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Saturday, December 24, 2005

Nochebuena: Christmas Eve

A tiny part of the huge selection of turron

The main celebrations in Spain and the Canary Islands, as in many European countries, are on Christmas Eve, Nochebuena, when the family will get together to share an evening meal. Food at Christmas revolves around the sweet stuff, with Truchas de Batata (sweet potato pies) and a mountain of fruit, nuts and sweets, especially polverones, turrones and mazapan.

For many years I spent Christmas Eve, Nochebuena, in 'El Pueblo', Canarian style. The typical fayre, generally, is barbecued meat with boiled potatoes. Yams are usually eaten after the meal, sweetened with sugar or honey (palm honey is good too!).

If resources permit, a whole goat kid or suckling pig is preferable as tradition dictated that this meal should not be of fish. For many poor families here, Christmas Eve is one of the few celebration times when they will have any quantity of meat, so it is very simply prepared, quickly enjoyed and followed by the vast array of sweets.

Celebrations may go on quite late and the gathered family will probably start singing and playing Canarian Folk music. This isn't traditionally a time for the exchanging of gifts. That comes later, at Epiphany, or for the fortunate few, it might be both.

Long ago the meal was served after attending the Misa de Gallo (Midnight Mass): the 24th being a day of fasting and abstinence, but that has tended to change these days. The mass, at which carols may be sung, being left out altogether by a large majority.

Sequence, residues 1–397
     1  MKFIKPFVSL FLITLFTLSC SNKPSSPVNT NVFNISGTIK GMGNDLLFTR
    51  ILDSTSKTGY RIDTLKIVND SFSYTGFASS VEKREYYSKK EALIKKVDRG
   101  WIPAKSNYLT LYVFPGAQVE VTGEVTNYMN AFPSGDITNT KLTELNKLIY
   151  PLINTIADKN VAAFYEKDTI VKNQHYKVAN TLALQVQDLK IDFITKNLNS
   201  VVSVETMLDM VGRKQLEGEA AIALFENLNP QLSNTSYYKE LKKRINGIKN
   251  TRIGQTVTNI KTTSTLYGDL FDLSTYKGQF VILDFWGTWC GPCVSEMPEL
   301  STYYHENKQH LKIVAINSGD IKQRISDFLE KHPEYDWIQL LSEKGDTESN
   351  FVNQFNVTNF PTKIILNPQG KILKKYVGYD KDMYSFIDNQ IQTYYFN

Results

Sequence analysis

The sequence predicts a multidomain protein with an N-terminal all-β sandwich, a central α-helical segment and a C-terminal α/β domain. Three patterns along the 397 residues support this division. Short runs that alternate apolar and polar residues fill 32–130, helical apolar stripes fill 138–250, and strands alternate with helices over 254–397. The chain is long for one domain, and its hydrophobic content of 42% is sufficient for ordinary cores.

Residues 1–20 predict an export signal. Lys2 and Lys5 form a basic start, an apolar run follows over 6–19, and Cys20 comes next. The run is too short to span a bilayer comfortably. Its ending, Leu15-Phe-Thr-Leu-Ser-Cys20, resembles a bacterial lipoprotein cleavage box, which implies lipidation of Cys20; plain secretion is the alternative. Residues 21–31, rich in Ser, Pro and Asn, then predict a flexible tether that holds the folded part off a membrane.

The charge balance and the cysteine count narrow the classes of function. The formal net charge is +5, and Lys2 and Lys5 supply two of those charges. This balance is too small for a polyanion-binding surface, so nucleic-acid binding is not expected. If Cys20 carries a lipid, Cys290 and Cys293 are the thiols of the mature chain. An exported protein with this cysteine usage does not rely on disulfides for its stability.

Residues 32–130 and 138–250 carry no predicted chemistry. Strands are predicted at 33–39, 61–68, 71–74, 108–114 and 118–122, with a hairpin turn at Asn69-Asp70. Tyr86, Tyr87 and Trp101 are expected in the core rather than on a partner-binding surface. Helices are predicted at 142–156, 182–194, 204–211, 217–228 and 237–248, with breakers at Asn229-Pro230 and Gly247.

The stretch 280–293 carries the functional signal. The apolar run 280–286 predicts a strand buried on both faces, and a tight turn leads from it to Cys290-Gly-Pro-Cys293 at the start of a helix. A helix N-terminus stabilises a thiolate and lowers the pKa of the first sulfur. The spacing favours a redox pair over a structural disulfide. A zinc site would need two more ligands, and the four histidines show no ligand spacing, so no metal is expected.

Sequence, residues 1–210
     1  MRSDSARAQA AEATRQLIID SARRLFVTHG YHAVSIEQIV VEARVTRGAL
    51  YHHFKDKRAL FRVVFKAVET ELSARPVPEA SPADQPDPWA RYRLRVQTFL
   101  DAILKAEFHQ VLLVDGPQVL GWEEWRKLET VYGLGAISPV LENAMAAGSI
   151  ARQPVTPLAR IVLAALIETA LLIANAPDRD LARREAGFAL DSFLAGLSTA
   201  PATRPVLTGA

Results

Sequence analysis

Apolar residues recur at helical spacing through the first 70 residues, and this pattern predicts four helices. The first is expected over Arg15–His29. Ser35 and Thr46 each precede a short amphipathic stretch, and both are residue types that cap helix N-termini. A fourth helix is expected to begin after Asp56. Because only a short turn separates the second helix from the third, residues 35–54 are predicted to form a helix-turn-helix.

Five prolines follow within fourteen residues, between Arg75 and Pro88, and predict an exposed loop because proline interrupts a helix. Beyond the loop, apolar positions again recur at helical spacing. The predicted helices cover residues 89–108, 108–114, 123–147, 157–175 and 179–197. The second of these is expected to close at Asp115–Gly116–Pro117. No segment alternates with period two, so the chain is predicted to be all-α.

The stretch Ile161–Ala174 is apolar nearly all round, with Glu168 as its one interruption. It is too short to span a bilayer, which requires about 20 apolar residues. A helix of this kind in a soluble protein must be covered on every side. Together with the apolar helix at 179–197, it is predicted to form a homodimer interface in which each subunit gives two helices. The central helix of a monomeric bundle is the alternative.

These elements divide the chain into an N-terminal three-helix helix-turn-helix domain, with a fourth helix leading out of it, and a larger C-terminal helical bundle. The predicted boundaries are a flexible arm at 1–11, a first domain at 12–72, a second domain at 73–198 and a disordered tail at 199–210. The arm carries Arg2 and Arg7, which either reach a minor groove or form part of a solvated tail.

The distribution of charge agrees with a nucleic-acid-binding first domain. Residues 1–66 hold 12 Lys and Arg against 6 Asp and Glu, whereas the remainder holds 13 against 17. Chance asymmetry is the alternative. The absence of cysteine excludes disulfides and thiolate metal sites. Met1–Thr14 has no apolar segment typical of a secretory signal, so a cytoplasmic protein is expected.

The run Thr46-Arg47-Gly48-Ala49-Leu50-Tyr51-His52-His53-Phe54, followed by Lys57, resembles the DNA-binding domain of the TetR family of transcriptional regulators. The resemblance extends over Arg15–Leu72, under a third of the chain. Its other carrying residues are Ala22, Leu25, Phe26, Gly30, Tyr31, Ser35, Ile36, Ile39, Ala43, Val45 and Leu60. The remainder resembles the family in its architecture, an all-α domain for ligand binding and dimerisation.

In Los Cristianos and other multi-nationally populated areas, there are usually carol services in a wonderful pot-purri of Spanish, English, German and Latin. In smaller villages, local children perform the Nativity (with often interesting and humorous interpretation). Folk groups provide the accompaniment.

One year at El Palmar, the dialogue went, roughly:

Joseph: (speaks to innkeeper) "Can we come in, only my wife isn't feeling too good."

Innkeeper: "Well, if she's ill she can't come in here. Take her to the health center!

I don't remember that being in the original version. It was truly unexpected and had everyone rolling in the isles at the Nativity in the little church. Another year the mass was more traditional, with a visiting priest from El Salvador, which was an opportunity to see another viewpoint.

All events are liable to change beyond our control.

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